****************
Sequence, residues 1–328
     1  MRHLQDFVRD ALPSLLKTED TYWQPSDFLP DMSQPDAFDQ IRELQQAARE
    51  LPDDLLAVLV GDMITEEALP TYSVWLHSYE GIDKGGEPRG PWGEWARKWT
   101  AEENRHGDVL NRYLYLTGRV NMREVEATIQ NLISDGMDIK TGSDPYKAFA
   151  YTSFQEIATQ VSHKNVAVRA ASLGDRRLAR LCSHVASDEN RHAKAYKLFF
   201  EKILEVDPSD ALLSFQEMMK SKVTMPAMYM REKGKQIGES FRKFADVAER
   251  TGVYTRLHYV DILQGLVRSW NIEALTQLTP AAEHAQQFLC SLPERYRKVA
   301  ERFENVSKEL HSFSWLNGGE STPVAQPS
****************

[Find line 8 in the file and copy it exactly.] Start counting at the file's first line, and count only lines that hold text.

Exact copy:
   301  ERFENVSKEL HSFSWLNGGE STPVAQPS